Hudds chemistry grads and undergrads in RSC/SCI national final

Dr Ian Pocock (far left) with team members (l-r) Adam Clayton, Marwa Aborways, Scarlett Walton, Georgina Armitage and Laura Denman. Pictured above is team captain Dr Ian Pocock (far right) with team members (l-r) Adam Clayton, Marwa Aborways, Scarlett Walton, Georgina Armitage and Laura Denman.

Wed, 11 Feb 2015 16:00:00 GMT

University team shares good company in National Retrosynthesis Competition held later this month 

Second National Retrosynthesis Competition ‌CHEMISTRY students and researchers at the University of Huddersfield have used their combined knowledge and brainpower to reach the final of an elite competition. 

The Huddersfield team will attend the final of the second National Retrosynthesis Competition, organised by the Royal Society of Chemistry (RSC) and the Society of Chemical Industry (SCI).  It takes place at the RSC’s headquarters in Burlington House, London, on 27 February.  They will give a live presentation to a judging panel consisting some of the UK’s leading academic and industrial chemists, and the top three teams will win cutting-edge scientific equipment plus special trophies.  

Over 50 teams entered in total, with just ten being chosen to go through to the final.  The finalists will represent universities including Oxford, Bristol and Manchester, the Institute of Cancer Research, and multinational companies such as Syngenta, GSK and Pfizer. 

RSC website ‌Huddersfield team captain Dr Ian Pocock – who studied for his PhD at the University – is currently working with Dr Duncan Gill on a Leverhulme Trust-funded project.  He will be joined by chemistry undergraduates Adam Clayton and Laura Denman, together with PhD researchers Marwa Aborways, Georgina Armitage and Scarlett Walton, representing the Gill, Sweeney, Moran, Gabbutt and Heron research groups within the Department of Chemical Sciences. 

Their team is punningly named You’ve Never Hud It So Good, a reference not just to ex-Prime Minister Harold MacMillan’s famous phrase, but to Princeton chemist and University of Huddersfield international advisory board member, Professor David MacMillan, whose work inspired the team’s first round entry.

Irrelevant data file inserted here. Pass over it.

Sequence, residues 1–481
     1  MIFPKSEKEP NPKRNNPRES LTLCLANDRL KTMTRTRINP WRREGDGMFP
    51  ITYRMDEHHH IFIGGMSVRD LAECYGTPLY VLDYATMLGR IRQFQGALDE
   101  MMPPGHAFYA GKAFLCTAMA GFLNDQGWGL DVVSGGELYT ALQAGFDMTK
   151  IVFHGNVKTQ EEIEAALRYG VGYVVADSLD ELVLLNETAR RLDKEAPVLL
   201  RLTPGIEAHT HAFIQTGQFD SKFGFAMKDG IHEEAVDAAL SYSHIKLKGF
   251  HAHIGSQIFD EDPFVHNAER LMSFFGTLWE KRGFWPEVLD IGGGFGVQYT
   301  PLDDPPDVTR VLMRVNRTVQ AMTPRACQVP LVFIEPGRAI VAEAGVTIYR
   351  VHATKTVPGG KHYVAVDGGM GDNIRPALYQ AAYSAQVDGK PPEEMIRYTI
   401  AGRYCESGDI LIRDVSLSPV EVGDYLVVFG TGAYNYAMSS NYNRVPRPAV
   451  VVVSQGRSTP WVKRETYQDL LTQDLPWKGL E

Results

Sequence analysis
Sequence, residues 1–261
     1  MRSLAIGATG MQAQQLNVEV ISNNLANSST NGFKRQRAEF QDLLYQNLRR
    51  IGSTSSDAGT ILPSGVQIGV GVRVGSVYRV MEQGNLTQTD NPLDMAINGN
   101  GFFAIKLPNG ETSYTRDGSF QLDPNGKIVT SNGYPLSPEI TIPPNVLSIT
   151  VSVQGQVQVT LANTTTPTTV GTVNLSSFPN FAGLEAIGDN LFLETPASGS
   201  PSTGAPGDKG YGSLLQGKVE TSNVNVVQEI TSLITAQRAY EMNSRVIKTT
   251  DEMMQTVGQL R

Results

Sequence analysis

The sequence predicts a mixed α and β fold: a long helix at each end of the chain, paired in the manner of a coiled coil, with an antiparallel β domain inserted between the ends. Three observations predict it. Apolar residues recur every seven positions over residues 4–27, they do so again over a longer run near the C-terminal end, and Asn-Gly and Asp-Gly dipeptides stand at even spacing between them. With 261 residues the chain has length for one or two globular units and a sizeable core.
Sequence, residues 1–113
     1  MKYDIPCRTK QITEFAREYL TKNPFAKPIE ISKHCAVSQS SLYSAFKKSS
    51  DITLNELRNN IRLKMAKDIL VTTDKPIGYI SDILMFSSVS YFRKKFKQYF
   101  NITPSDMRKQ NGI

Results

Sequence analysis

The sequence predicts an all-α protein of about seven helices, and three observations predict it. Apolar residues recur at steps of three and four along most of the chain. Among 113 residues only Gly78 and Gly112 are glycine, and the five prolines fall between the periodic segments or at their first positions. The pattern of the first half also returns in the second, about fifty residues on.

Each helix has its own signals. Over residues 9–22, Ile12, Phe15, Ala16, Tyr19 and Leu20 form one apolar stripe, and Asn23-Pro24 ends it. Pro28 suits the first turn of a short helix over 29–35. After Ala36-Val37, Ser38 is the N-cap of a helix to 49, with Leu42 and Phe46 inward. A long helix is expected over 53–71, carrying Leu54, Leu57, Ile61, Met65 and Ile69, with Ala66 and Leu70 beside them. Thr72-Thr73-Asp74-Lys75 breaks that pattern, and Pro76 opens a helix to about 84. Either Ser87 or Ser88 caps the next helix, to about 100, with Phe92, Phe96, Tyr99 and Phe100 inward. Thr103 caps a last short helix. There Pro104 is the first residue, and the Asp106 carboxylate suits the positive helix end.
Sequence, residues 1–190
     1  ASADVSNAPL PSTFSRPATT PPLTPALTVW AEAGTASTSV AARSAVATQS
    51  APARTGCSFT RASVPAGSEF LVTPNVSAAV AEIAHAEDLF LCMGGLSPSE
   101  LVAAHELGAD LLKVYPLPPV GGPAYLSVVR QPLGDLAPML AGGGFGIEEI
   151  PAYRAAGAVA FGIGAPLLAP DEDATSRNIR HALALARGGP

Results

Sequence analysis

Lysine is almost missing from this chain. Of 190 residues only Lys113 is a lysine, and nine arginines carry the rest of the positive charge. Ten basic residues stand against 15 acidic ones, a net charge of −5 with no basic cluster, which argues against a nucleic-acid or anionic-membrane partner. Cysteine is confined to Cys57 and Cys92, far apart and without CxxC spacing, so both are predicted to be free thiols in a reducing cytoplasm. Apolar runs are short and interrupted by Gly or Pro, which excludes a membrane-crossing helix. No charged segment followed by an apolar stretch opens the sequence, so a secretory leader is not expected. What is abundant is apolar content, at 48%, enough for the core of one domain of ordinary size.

The quality of Huddersfield chemistry 

SCI website In order to make the final, the team had to devise a sequence of chemical processes to make a complex natural substance that has only recently been discovered.  Ian explained: “It’s a paper exercise, so we didn’t go in the lab to try to make the compound for real.  Instead, we had to convince the judges that our solution was innovative and elegant, and most importantly, would be likely to work!” 

Once the team qualified for the final, they were given another even tougher molecule to tackle.  “It’s called retrosynthesis because we work backwards.  We start with the target structure and then try to dismantle it into simpler building blocks, whilst thinking what chemical reaction we would need to do the ‘forward’ sense.  It’s a bit like trying to find your way out of a maze, as you might have to try quite a few things before you come up with a workable route,” said team member Scarlett Walton. 

Professor Joe Sweeney, Head of the Department of Chemical Sciences is delighted by their success in the face of intense competition from world-leading chemistry departments.  “The ability to rationally design methods to make both natural medicines and previously unimagined analogues is a key skill in the fight against ‘undruggable’ diseases,” he said. 

“Retrosynthesis is one of the key skills that organic chemists use to make such important novel molecules; the success of our team in reaching the final of a national competition in this area is a fantastic testament to intellectual ability of our chemistry students and researchers.  When I look at the universities we have beaten to make the shortlist, I feel immensely proud of both my colleagues and the statement this makes about the quality of Huddersfield chemistry.” 

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